I am recently trying to use protobuf.net for serializing objects for network communication in a .net application. Protobuf is a great format for sending data. Protobuf tries to be very frugal to save bandwidth. However, this causes some unexpected side effects when using it with .NET.
For example, If there is a collection serialized and the collection count was zero, then the serializer is going to write out null and this collection will be deserialized as null on the other end.
This is easy to fix when you have only a few classes that holding your models, but can be a huge problem when you have a very large number of classes that you are trying to serialize and the previously used serializer was always deserializing an empty collection to an empty collection.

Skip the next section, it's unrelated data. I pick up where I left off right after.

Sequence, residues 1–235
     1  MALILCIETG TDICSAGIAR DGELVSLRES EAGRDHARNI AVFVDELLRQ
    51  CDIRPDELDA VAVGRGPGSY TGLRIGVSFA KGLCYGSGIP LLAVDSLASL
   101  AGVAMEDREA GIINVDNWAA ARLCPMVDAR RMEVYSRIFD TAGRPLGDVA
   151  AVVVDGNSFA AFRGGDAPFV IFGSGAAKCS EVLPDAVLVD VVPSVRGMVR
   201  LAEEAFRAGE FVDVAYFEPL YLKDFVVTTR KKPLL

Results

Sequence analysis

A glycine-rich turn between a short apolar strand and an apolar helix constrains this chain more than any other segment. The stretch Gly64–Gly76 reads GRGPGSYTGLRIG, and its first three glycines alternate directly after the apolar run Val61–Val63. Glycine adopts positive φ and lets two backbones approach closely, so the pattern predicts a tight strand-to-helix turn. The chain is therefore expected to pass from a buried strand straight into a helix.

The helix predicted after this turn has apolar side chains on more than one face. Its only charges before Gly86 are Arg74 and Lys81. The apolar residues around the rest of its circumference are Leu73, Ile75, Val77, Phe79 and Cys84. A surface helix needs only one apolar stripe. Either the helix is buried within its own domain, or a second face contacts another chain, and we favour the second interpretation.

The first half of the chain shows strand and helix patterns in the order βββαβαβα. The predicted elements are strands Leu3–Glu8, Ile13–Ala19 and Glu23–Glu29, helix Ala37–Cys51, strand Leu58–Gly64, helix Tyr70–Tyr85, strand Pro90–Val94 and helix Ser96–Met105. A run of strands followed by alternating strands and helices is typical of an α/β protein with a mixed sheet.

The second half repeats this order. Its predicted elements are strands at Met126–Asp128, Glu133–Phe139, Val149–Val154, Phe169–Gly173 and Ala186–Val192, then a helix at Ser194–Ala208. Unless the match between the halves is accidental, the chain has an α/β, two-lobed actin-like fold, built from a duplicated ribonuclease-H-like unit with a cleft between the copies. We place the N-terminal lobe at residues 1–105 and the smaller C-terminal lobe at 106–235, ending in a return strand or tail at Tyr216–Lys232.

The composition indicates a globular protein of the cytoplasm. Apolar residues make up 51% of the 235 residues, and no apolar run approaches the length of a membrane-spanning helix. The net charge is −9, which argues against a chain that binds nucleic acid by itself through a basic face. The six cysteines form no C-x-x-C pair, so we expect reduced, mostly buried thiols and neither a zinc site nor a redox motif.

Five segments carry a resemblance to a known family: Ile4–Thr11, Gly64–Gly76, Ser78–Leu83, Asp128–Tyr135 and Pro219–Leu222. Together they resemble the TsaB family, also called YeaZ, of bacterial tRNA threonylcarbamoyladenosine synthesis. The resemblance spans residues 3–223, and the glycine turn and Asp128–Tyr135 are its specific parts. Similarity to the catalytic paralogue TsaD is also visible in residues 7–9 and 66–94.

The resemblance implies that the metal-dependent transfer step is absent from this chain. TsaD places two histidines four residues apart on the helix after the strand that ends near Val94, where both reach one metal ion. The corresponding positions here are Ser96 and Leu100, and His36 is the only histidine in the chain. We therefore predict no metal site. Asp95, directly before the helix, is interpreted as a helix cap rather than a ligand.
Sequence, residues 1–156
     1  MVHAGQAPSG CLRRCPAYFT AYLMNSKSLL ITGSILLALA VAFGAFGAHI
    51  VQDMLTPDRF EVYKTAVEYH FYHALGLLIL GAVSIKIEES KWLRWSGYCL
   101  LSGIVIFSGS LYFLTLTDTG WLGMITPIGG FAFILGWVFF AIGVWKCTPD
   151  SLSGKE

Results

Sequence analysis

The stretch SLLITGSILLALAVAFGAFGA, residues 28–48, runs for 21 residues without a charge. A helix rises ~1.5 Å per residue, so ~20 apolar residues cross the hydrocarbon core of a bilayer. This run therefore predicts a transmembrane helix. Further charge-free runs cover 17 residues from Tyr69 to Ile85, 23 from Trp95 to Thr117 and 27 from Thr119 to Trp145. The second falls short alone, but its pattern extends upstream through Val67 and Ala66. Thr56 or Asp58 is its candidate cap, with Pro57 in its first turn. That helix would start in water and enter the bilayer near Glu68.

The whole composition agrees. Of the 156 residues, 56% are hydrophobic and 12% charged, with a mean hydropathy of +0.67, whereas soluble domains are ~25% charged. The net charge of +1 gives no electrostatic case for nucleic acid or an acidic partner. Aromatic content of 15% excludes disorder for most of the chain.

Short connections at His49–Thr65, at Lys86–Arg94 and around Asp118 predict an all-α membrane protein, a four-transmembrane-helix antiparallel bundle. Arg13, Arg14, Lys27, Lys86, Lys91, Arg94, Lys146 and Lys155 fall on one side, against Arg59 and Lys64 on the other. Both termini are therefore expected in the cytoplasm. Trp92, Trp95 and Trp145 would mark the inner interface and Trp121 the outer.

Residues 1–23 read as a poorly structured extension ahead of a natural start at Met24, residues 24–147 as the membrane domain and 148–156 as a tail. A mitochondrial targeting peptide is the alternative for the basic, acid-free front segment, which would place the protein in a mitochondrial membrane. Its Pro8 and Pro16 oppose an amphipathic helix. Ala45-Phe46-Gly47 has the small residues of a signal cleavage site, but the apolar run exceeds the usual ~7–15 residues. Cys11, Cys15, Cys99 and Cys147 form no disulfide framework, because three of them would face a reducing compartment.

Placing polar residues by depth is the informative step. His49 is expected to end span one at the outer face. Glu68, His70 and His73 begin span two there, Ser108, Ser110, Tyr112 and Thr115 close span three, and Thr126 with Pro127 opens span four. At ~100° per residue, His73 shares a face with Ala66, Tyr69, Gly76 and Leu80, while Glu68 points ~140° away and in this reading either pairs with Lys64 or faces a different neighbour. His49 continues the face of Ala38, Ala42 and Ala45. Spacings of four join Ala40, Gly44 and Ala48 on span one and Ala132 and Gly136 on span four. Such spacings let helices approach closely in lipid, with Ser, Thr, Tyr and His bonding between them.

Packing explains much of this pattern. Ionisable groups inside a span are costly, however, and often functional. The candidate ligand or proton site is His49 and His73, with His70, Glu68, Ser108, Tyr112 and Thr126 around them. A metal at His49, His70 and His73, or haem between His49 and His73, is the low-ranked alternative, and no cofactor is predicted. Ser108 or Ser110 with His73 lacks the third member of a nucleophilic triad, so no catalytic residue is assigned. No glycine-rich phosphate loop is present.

To solve this, we need extra wrapper class and within this wrapper class it is possible to detect if the underlying generic type is a IEnumerable<T> and create code to initialize the data member as an empty collection if needed.
The code below demonstrates how to use this technique.
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